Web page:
During a restoration in the early 70ís this car was equipped with a 259 with a four barrel and chrome valve covers, a Ford Cruisomatic and front drum brakes.It also had R1 badges placed on it.


So far my efforts have been spent on taking care of much needed maintenance, restoring the Studebaker disc brakes, reinstalling the backup light and starter switches on the shift linkage, replacing the fuel return line, replacing all the door gaskets and trunk gaskets, and starting the rebuild of a standard 289 to R2 performance specs.


My long range plans call for finishing the engine overhaul and installing it in the car.Then finding and installing all the R2 parts and lastly having the body repainted.In the meantime I intend to enjoy driving the car as much as possible.


Original Owners of í64 R2 Daytonas, Compiled by Andy Petrass

JTN production researcher Andy Petrass gathered the sales information from the production archives on the 11 í64 R2 Daytona hardtops that are missing in the Western US. Andy is also working on a list of dealer names to match with the dealer numbers. If anyone can help with names of Studebaker dealers that were in business in 1963 or the whereabouts of any people listed below, please share with Andy and your editor.




Buyerís Address



Sale Date

Dealer #


Apache Investment

PO Box A






G. Woodward

2208 W Princeton






J.E. Foulkrod

2504 Arvet






J. Reynolds

41 Laurel Ave

Del Paso





W.A. Norton

415 Geneva Pl






W. Klein

8660 Colbath






J.A. Terry

PO Box 473






A.R. Winsten

2073 Zavier Ct

Santa Clara





W.A. Norton 

415 Geneva Pl






T. Lally

986 Corona






G. Ziegler

1196 Harold St

Crescent City





Muscle Car Drags News from June

The following is a synopsis of articles published on the Internet Studebaker Newsgroup as posted by Ted Harbit and others plus a report from George Krem.

Richard Poe driving his Ď63 R1 Custom 2 door came close to getting into the 14s, posting a 
15.055. Doug Tjapkes driving his '63 R2 package GT Hawk automatic got into the
A fellow named Steve Clay owned a portable dynamometer on the premises
was charging to have your car rear-wheel "dynoed" if you wanted...but he was
 so taken with The R3 Plain Brown Wrapper that he asked 
us to bring it back and he would "dyno" it for free! The whole procedure and 
readout are more complicated than it would appear. The R3 really strained at the Plain 
Brown Wrapper's tethers and produced peak 365.1 BHP at the rear wheels with a fully
 loaded drivetrain at 5830 RPM. 
Plain Brown Wrapper performed flawlessly; absolutely no belt slip, breakage, or traction problems other 
than a little wheel spin, depending on how Ted launched. PBW also set two new quarter-mile
 records for itself: 111.35 MPH and 12.85 second ET. 
PBW won its 
2-out-of-3 shootout in the first two runs, beating a dead sharp, 1969 396/4-speed Nova 
Coupe that is Certified Stock. The Nova has run as fast as 12.47 at this event. 
With only
 one car, was a lot more relaxing or maybe it was because we didn't have to constantly be
 trying to correct things (blower belts, hopping, etc.). Big thanks go to Nimesh Solanki 
and Nelson Bove for solving these two 
headaches.No (or very little hopping) and boost held 8 pound to the finish line.

Muscle Car Drags News from September

The following is a synopsis of articles published on the Internet Studebaker Newsgroup as posted by Ted Harbit.


Both Richard Poe and Doug Tjapkes returned. Richard was paired with Peter Santís R2 Avanti in
 the shootout and won two out of three is a very close match. Richard ran 14.729 sec
 ET @ 93.94 mph. Doug had his '63 R2 Hawk there and just missed getting into the 14's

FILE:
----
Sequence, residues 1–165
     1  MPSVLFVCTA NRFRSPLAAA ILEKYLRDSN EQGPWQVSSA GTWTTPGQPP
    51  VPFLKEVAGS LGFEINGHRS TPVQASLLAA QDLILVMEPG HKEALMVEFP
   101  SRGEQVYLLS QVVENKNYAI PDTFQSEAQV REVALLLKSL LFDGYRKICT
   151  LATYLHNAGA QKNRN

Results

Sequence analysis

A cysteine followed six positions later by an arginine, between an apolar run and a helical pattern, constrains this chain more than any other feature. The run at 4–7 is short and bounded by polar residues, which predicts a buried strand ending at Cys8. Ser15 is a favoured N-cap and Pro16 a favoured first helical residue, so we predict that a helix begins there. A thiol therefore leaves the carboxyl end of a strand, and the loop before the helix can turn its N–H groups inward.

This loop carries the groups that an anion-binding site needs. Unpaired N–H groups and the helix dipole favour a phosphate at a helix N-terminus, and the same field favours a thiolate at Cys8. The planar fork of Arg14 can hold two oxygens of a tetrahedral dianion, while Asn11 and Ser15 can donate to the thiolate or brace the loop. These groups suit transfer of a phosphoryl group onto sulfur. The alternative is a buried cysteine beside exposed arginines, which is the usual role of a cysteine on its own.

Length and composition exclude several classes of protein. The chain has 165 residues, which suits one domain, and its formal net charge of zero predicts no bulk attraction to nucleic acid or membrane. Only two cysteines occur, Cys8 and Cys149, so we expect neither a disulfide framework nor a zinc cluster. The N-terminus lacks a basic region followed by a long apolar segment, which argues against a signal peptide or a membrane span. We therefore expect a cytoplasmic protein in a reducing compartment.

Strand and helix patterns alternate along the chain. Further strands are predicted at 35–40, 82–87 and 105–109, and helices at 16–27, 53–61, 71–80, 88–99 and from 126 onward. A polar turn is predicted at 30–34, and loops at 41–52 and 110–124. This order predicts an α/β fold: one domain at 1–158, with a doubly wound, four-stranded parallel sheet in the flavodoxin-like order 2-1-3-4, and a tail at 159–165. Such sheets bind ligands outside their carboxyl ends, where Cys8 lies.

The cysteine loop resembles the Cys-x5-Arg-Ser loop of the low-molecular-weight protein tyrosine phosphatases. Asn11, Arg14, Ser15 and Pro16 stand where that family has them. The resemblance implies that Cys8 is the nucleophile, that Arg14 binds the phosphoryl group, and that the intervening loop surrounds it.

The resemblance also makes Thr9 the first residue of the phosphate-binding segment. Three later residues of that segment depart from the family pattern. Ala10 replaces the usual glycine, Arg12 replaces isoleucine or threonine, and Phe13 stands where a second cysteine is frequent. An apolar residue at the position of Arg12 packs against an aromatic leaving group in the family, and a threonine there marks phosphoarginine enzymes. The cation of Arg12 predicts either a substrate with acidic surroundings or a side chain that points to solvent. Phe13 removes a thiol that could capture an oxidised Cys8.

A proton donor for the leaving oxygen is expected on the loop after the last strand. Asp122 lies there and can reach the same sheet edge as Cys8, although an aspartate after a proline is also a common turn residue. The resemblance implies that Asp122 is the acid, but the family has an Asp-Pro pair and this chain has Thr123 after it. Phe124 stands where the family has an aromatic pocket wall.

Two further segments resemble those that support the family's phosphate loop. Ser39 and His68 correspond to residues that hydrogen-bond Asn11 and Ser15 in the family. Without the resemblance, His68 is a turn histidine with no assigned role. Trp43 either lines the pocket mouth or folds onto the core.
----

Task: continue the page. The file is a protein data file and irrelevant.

with a 15.04 @ 93.68 mph.

Ted planned to put Stude Tomato, the í63 R2 Custom, through the certification process. 
He was successful. The inspection involved head cc, valve lift and compression check among
 other things. At the strip Friday morning, the car had a miss in fourth gear about 5500 
and the tach jumped around.Points cleaning, 
resetting, putting in another condensor, coil, etc., did not help.Times were all in the 13's except one that was 14.3 when let off knowing the 
miss was still there.Best and qualifying 
shootout time was 13.64.We were paired in 
the Saturday shoot out with a '68 400 cu. in. Ram Air GTO as his time was 13.60. Ted 
also had trouble getting a decent 60' time. Best was the first one at 2.18 and the
 rest were 2.2's to 2.3's.

Friday night back at the hotel, Nelson Bove, Ted and Tim Kobernik took the Delco
 window distributor, cap, wires, coil, etc., out of the Tedís truck and put in the
 Tomato and put the dual point Prestolite in the truck. The Delco worked fine in the
 truck but with the weak advance springs, the truck sounds like a bunch of pop bottles 
rattling in low speed pulling so set the timing back. The Delco has the Pertronix 
Ignitor and Coil and Saturday morning the miss was gone and the tach was steady now
 but it still "flattened" out about a 100 feet from the finish line.Supercharger belt slippage may be the reason.
the shoot out we got lucky as the rpm and clutch feathering must have been about right
 as it got a 2.14 sixty foot time.Power shifted 
it as felt we would need all we could get to stay with the GTO and won the first round 
but was amazed when looked at the et slip that read 13.37.The carís previous best was 13.41.
In the
 second round, we were just as lucky as got a 2.12 sixty foot time.Ted stayed in it again to see if it would run that good again. Ted won that 
round with a 13.30. At 0.3 sec better than the qualifying time, the shootout was 
forfeited to the GTO. The GTO pulled into the pits and we followed him to tell him he
 won because of this and told him we could go a third round if he wanted.He agreed but the track officials turned them down.


Cars wanted

A JTN reader is looking for a í64 JT convertible, contact your editor.



Parts wanted

Lionel Stone, Paxton supercharger cores, 4476 Matilija Ave., Sherman Oaks, CA 91423 call 818-990-8916


R2 Hawk engine parts needed; water manifold, tensioner, mounting bracket, pulleys, carburetor, air cleaner and bonnet for the restoration of R2 Package GT Hawk 64V8165.Tim Kobernik, PO Box 404, Mazomanie, WI 53560, (608)225-5471, Tim64vk6@yahoo.com


Parts For Sale

www.studebakervendors.com is the place where customers and vendors meet. Forget the phone, the mail and SASE. All the major vendors are listed on Studebaker Vendors. Just point, click and view. Most vendors have Email, and many have on-line shopping carts. Studebaker Vendors, your one-stop shopping mall.